Renewable Energy Options in The Caribbean; Part 2

Thu, Jun 17, 2010


Renewable Energy Options in The Caribbean; Part 2

Renewable energy options are being implemented in various parts of the world. Caribbean is not an exception, they are going towards a potential clean energy policy. Here are a few examples where they can progress.

1. Hydro Power

Hydropower has been used for years. Countries like Canada and Norway depends heavily on hydropower. However, hydropower is limited to certain regions and there need to be large-scale potential to make it efficient. In the world’s agenda of expanding renewable energy sources hydropower might not be considered as fashionable as wind and solar energy. In the Caribbean, there is a potential for hydropower but the cost is too exhaustive.

2. Geothermal Energy

Earth’s inner temperature is roughly 9000 degrees fahrenheit. The temperature slowly decreases as we move nearer to the surface. However, the variation of temperature below the surface does exceedingly fluctuate. Geothermal energy makes use of this particular heat. Rainwater sips into the crust of the earth and this water is converted into hot stem. In some countries like in Iceland the water comes back to the surface in hot springs and geysers.

With solar energy the key is to tap into the unlimited sunlight striking earth’s surface. However, for geothermal power the trick is to find suitable regions to drill. There are mainly three ways that hot water can be converted into electricity. The first method would is to use a steam generator to convert steam directly to electricity. Nonetheless, water at a temperature of 300 to 700 degrees Fahrenheit can be converted into electricity through a Flash Power Plant. In such a system hot water is practically flashed into steam. The third method would be where the water temperature is roughly below 220 degrees fahrenheit, and a Binary Power Plant is used. In such a plant hot water is used to heat fluids, which have a lower boiling point to produce steam. The water, once used is re-fed into the heating source under the ground.

The actual capacity of geothermal power plants is above 9,000 MW. The cost of generating energy from geothermal sources is similarly to wind energy. Recently, a study carried out by MIT reported that in the US alone the capacity of geothermal energy could be increased to 100,000 MW. However, such an expansion would require an investment of approximately one billion dollars.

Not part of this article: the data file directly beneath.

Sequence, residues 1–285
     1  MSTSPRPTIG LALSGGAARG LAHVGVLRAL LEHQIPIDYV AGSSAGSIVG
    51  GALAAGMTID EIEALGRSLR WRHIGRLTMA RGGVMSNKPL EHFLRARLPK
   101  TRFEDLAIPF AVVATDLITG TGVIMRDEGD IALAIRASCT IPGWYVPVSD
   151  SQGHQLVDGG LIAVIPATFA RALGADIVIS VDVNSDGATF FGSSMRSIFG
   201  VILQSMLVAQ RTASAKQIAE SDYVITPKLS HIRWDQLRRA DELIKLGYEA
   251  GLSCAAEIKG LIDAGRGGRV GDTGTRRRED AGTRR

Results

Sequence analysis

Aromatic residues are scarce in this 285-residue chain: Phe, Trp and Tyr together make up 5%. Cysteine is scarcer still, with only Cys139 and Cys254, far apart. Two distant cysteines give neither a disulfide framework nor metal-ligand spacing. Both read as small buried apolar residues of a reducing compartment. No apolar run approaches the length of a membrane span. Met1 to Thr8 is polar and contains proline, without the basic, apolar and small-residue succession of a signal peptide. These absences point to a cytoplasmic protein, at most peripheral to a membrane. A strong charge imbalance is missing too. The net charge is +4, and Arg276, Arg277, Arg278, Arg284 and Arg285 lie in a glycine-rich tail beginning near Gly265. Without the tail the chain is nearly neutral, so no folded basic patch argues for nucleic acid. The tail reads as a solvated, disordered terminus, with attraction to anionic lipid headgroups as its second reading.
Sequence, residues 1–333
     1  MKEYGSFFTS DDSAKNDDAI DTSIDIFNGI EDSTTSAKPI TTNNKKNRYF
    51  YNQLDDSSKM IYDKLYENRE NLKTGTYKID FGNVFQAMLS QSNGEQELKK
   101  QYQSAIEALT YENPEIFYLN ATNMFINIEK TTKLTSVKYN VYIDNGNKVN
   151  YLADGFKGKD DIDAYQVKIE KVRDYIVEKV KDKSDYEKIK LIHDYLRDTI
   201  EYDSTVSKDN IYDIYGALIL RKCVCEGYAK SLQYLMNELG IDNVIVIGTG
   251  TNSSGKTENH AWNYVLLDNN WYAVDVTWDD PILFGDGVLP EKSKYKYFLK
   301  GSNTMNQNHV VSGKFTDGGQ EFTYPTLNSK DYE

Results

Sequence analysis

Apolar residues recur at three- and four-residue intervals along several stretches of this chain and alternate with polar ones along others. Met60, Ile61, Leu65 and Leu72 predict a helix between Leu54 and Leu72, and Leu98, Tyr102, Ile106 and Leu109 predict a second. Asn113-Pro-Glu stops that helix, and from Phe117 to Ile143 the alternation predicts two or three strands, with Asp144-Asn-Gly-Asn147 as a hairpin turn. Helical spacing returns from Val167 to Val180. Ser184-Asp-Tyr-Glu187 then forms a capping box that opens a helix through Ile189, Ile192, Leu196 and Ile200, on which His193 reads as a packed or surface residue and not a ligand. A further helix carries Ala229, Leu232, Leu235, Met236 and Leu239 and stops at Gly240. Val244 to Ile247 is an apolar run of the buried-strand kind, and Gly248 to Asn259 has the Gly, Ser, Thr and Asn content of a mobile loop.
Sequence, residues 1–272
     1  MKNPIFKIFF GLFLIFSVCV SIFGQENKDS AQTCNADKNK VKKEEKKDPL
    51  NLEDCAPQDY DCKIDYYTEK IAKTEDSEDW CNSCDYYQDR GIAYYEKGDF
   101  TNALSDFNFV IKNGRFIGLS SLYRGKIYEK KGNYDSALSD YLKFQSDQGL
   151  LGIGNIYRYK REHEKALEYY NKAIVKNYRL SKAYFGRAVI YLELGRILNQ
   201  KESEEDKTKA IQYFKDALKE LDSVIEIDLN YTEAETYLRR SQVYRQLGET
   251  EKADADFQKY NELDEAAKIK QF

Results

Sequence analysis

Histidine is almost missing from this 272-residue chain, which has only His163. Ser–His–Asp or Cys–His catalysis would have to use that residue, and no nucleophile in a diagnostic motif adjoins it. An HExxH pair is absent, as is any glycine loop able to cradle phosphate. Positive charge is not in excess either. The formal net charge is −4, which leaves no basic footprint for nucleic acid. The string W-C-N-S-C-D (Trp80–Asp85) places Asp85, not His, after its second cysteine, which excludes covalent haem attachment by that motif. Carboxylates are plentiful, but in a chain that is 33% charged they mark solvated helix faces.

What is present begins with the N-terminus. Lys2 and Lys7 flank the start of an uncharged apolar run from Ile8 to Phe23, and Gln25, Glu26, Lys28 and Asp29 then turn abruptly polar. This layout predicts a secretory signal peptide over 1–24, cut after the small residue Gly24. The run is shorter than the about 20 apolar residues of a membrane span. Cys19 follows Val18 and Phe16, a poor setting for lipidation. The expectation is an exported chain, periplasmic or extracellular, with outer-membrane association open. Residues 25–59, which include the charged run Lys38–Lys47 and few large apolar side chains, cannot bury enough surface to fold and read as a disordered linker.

Geothermal energy can definitely turn into a major source world’s energy supply. A positive advantage of this source of energy is that geothermal power plants can also adjust the supply of energy to requirements. It is thus considered more reliable and consistent. This is something both solar and wind energy cannot ascertain.

Moreover, in the Caribbean, at Lesser Eastern Antilles there is a great potential for geothermal energy. In Guadeloupe, there is already a 4 MW plant established since 1984. There has also been extensive research carried out in Dominica, St. Lucia and Montserrat. In the Caribbean region Dominica is an appropriate region for geothermal energy.

3. Tidal Energy

The ebbs and odds of tides have been present for as long as we know. However, it is only recently that scientists are harnessing energy from it. Tidal energy offers a consistent source of energy, but it is complex to harness electrical from waves. One option is to create “tidal Barrage” this is a method that is extremely difficult and might even cause alteration to currents. Thus, it can likely cause severe ramifications on our ecosystem. The potential of tidal barrages is high so it is essential to discover and research more on the technology.